How strong – and functionally fit – is your CORE?

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Dear Reader,

Many years ago, when I was seriously overweight – I’d still, amazing as it might sound, do pushups, pull-ups and the like.

Although  I was over 40 kgs or so over “baggage”, and given my genetics,although most of it was centered on my hips, stomach and ass (sounds familiar eh?) – I’d still do bodyweight exercises – albeit for not near as many reps, and with somewhat less than perfect form.

Try doing pushups, for instance (regular pushups) when inspite of using proper form as I detail in 0 Excuses Fitness when your belly “tries” to touch the floor before your chest does, hehe.

Or pull-ups at a weight, well, well, above your “fighting weight”.

Thats something I want to say before I move on to the topic of the day.

FORM, my friend is paramount on everything you do. I don’t care how fit you are-  or how fat you are – or how strong you are – or how unfit.

If you’re doing an exercise you do it in proper FORM, and if you can’t do it in proper form, you work on it until you can do it in letter perfect form.

Then you repeat – over – and over – and over again, and then, and only then – do you move on to higher reps.

This is a truism that holds true regardless of your current fitness levels, and is something that’ll help you continually improve and shatter previous bests amongst other things.

Anyway, back to core strength… One fine day, I was introduced to a style of pushup that I had never ever seen before, and that, judging by the looks would be EASY.

That is precisely what folks tell me when they see this exercise being done.

“Oh, that! That’s EASY!”

“Oh, of course I can do THAT!”

And so forth – and yet – when I was that unfit – I could barely hold this position (this style of pushup I’m referring to) for a few seconds, if even that before my lower back and abs literally gave out and I collapsed.

Fast forward a few years, and I’m back in great shape. I’m doing my hill climbs – my pull-ups and so forth … and I try this style of pushup again.

And though you might think I’d hold it EASY this time around, you’re wrong, my friend.

Though I didn’t quite quiver like an aspen leaf in the breeze when holding the position, I couldn’t hold it for very long at all – and collapsed about 15 seconds or so into the hold.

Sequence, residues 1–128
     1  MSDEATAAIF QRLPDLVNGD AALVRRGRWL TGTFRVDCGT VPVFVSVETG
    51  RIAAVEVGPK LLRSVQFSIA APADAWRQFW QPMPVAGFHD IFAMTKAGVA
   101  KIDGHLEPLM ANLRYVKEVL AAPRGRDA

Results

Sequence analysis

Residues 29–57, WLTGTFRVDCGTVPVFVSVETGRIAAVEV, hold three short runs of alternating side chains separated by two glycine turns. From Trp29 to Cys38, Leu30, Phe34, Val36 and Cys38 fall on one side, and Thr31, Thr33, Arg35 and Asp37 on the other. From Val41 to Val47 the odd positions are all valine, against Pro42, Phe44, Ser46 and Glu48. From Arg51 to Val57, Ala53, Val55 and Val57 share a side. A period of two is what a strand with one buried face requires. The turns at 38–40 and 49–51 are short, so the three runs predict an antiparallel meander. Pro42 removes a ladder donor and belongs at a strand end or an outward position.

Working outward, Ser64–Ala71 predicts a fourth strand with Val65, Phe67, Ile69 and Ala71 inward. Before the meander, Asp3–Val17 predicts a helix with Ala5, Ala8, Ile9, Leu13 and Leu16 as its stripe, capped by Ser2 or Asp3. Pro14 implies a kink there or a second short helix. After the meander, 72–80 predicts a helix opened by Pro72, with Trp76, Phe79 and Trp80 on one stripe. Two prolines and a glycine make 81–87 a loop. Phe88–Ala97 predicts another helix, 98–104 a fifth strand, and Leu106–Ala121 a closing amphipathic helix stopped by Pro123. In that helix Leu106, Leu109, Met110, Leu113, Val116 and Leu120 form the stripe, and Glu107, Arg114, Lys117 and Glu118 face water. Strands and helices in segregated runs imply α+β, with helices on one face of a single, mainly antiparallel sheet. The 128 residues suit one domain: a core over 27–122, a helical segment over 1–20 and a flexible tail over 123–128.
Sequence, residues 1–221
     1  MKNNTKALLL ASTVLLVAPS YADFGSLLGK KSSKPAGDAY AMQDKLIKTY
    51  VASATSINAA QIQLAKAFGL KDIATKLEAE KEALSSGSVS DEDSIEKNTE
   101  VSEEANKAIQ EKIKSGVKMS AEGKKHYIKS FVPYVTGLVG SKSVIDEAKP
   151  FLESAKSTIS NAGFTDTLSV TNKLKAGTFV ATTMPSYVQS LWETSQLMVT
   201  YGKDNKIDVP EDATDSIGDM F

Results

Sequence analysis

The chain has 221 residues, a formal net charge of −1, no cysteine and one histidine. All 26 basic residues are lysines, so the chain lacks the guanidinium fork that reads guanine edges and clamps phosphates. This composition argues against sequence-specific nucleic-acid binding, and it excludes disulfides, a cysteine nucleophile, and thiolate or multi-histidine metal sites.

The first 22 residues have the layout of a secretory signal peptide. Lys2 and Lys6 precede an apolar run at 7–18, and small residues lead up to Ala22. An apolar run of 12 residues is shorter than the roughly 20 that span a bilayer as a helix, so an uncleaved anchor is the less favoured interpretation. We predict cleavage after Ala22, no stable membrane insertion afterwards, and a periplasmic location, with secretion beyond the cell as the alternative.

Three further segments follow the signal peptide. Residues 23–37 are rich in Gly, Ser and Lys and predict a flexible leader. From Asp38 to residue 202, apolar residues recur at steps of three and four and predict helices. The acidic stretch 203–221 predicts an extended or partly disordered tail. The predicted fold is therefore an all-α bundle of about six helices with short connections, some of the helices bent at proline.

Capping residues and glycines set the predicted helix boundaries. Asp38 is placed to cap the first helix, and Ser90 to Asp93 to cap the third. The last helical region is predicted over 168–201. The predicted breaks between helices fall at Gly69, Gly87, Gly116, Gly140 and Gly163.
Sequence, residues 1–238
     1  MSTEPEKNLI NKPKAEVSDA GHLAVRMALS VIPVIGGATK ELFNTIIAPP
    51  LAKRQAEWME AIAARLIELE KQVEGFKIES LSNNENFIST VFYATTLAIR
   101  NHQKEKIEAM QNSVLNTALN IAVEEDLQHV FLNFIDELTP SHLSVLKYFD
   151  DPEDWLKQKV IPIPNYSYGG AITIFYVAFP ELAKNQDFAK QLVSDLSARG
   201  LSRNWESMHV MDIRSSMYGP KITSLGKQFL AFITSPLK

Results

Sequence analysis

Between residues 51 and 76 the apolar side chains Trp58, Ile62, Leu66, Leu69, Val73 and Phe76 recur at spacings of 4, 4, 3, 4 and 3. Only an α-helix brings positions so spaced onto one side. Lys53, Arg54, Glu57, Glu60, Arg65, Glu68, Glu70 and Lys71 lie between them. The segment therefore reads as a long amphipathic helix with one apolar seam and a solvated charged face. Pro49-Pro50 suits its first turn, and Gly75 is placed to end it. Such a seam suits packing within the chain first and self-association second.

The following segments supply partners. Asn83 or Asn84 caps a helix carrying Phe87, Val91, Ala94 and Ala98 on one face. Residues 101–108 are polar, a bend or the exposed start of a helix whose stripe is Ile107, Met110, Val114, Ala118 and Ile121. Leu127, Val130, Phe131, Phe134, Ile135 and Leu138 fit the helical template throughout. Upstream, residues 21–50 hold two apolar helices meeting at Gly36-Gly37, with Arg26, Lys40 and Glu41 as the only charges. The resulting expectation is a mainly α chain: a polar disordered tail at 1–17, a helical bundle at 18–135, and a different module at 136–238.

That same “easy” hold.

And it is THIS hold that is a pretty reliable strength of your overall core health, strength and endurance – as well as how much extra FAT you’re carrying around the midsection.

What IS it then, you ask.

Well, it’s the “table” pushup as shown in 0 Excuses Fitness. I haven’t mentioned it in Corrugated Core – I don’t think – a) because it might be counted as a repeat and b) because it isn’t a PURE core exercise, but at the same time, if there is ONE exercise that tests core strength like nothing else done correctly, THIS is it, my friend.

Get down on all fours, with your back facing the floor and lift up such that your hands and legs are supporting your body, on all fours (somewhat like a reverse bear crawl) – and simply HOLD.

You may need to see the pictures to see how it’s done – – but just HOLD, my friend. Just hold – for as long as you can.

Shoot for 15 seconds to start with. If you’re the average trainee, about 5-8 seconds of this will make you start to feel it, and you might be surprised to find out your arms – and core – literally buckle after more than a few seconds of the above time frame elapsing.

That, by the way, is just ONE of the core endurance tests I put my clients through. There are TWO exercises that I start most people off with to figure out how fit (or unfit) they “really” are (despite their own assessments), and this is one of them.

What is the other – well – thats something you’ll have to sign up for my coaching program to find out, my friend – but in the meantime?

In the meantime remember that there is PLENTY more that you can do for your core – PLENTY more.

And “plenty more” exercises of this nature – or tougher are detailed in Corrugated Core – a course that has been selling like hot cakes ever since I came out with it – and a course that you must grab if you’re in any way, shape or form serious about core strength.

Go right HERE to check out what the fuss is all about, my friend.


Rahul Mookerjee

P.S. – Another exercise that will build a core of steel is the almighty pull-up – an exercise that most adults fail miserably at. And if you fall into that category, no problemo – we ‘ve got you covered – with a brand new FAQ section as well my friend. Check out the course on pull-ups that the WORLD has been raving about right HERE –

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